Today, an attorney with whom I work told me I absolutely needed to drop what I was doing in order to listen to a 19-year old man giving a statement to the Iowa legislature. Under consideration was a constitutional amendment that would reverse the landmark case of Varnum v Brien. I looked up Zach Wahls on Youtube and watched his incredible speech.
My friend then told me that Zach also happened to be in town, at Left Bank Books, 5 blocks away from my law office. I walked over, arriving in time to hear Zach ending his prepared remarks, and opening the floor to questions. One of the main points he made is that people react badly to households of two gay parents because they have a “fear of the unknown.”
I told Zach that I entirely agreed with that point. I mentioned that I have had several homophobic acquaintances who dramatically changed their attitudes about gays, but only after they got to actually know gay people. That led to my question: Other than encouraging homophobic people get to know real life gay, is rational discussion at all effective in diminishing homophobia? Zach said no. This fact guided the types of points he made when he stood up before the Iowa Legislature. He was specifically attempting to help the legislators feel like they knew something about Zach’s family. Despite Zach’s eloquence that day, the Legislature overwhelmingly passed the constitutional amendment prohibiting gay marriage by a vote of 62-37.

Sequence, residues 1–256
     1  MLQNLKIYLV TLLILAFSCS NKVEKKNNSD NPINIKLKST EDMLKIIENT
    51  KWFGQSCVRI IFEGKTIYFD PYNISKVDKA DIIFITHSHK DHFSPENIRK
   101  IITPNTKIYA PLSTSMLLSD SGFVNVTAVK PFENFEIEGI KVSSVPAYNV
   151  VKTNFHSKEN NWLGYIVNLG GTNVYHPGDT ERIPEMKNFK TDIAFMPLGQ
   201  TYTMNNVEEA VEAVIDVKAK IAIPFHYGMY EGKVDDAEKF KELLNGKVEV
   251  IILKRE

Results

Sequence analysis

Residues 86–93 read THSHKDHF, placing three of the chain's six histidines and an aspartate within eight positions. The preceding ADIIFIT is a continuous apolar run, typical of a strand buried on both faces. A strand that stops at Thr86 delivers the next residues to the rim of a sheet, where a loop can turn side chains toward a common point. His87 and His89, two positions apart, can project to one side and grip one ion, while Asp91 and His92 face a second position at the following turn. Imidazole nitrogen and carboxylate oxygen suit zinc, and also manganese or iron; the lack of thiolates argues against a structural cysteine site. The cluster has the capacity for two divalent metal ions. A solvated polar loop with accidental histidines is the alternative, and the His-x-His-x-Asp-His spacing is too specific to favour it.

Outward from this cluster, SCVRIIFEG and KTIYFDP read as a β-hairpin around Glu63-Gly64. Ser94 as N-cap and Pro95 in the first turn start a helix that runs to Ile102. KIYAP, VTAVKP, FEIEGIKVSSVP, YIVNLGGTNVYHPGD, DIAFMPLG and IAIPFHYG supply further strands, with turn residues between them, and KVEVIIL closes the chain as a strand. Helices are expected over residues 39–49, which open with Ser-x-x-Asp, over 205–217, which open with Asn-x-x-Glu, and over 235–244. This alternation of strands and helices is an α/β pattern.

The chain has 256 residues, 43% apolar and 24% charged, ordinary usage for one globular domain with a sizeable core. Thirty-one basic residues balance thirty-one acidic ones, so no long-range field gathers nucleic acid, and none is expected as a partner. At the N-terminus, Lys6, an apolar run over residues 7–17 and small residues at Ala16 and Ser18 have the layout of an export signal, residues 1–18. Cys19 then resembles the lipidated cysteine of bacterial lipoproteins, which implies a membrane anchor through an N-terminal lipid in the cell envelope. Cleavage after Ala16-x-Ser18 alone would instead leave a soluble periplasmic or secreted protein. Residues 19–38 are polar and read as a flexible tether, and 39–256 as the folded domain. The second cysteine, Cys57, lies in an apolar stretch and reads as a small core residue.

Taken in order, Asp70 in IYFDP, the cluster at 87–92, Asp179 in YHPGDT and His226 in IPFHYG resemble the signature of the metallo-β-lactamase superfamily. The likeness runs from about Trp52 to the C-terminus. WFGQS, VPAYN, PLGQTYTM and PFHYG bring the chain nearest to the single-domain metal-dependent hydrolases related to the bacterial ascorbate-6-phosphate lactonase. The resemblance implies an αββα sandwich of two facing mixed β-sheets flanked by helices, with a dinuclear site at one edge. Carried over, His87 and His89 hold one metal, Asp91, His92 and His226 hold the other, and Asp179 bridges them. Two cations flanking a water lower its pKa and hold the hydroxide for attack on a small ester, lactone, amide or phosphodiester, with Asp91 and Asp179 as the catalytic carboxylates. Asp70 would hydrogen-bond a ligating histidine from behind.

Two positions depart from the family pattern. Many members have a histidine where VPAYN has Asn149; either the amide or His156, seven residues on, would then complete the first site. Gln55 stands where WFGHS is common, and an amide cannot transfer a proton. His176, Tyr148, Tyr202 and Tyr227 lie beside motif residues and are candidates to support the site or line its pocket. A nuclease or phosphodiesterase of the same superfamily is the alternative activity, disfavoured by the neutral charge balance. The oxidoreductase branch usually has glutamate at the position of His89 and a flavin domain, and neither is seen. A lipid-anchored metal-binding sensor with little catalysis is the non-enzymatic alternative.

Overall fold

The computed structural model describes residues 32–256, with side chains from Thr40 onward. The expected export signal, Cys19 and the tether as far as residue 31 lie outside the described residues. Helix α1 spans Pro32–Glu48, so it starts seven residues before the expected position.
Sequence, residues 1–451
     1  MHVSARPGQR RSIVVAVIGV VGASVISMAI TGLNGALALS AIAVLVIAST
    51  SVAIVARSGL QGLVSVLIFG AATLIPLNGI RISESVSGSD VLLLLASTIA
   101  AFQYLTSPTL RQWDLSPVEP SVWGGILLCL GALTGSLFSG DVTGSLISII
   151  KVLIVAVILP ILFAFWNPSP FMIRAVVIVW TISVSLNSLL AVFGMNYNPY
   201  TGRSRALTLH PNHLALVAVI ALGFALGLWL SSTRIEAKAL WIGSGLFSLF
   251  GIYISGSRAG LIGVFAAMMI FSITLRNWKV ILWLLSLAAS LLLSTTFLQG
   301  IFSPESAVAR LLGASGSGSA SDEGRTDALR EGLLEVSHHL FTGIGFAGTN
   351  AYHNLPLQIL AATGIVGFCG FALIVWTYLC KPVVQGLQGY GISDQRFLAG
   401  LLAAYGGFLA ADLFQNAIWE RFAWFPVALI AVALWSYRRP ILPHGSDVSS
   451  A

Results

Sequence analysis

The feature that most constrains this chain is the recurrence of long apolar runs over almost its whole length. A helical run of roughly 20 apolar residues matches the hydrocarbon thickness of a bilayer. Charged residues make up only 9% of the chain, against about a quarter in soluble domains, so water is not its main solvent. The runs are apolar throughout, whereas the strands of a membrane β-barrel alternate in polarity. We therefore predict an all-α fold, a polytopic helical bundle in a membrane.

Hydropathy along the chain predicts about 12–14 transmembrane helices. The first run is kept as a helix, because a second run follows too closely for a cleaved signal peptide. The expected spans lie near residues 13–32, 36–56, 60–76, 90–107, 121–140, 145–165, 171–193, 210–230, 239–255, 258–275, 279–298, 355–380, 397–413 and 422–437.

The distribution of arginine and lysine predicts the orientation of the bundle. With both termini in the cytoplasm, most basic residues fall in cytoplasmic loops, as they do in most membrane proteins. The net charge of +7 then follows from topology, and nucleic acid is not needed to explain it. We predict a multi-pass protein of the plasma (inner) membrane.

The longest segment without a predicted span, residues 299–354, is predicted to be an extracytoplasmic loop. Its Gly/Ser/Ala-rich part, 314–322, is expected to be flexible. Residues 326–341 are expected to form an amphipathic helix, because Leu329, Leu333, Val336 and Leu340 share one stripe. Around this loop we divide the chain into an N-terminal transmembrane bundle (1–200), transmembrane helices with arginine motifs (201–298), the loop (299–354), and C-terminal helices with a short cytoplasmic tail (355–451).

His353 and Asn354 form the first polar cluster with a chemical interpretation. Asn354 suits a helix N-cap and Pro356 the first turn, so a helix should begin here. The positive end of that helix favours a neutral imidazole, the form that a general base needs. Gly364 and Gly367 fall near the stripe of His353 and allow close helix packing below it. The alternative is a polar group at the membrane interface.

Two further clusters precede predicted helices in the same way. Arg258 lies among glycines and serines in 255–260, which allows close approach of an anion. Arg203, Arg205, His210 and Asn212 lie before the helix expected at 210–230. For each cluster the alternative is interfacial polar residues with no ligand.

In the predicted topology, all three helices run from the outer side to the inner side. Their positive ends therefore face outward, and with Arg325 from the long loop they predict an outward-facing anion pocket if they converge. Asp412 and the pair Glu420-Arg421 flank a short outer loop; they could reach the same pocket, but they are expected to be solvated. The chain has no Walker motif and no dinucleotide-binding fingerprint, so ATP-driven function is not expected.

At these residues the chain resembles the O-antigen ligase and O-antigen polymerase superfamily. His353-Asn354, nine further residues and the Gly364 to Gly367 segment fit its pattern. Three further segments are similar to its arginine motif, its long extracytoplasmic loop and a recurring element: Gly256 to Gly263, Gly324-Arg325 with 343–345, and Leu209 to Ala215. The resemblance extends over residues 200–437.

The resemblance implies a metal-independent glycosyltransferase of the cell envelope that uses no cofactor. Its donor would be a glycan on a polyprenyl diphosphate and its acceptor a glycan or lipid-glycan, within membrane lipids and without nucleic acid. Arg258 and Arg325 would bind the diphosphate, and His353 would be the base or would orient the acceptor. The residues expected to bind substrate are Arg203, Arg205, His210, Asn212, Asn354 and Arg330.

At tonight’s talk, Zach was also asked about the reactions of his friends as he was a student. He said that from Kindergarten to 3rd grade, the kids who came to his house thought it was cool that he had two moms. Some of them wished that they had two moms. From 3rd grade to 6th grade, things soured. Kids were still surprised, but at all envious. Though Zach didn’t use the following words, I conclude from this that bigotry is largely socialized. Zach writes about growing up, and many issues of character instilled by his moms in his new book, My Two Moms: Lessons of Love, Strength, and What Makes a Family.
If the only way to get rid of homophobia is to introduce homophobes to real life gay people, what is the best approach to getting this done? Zach has started a new project, Out to Dinner.
Zach recently appeared on The Daily Show. Here’s what happened: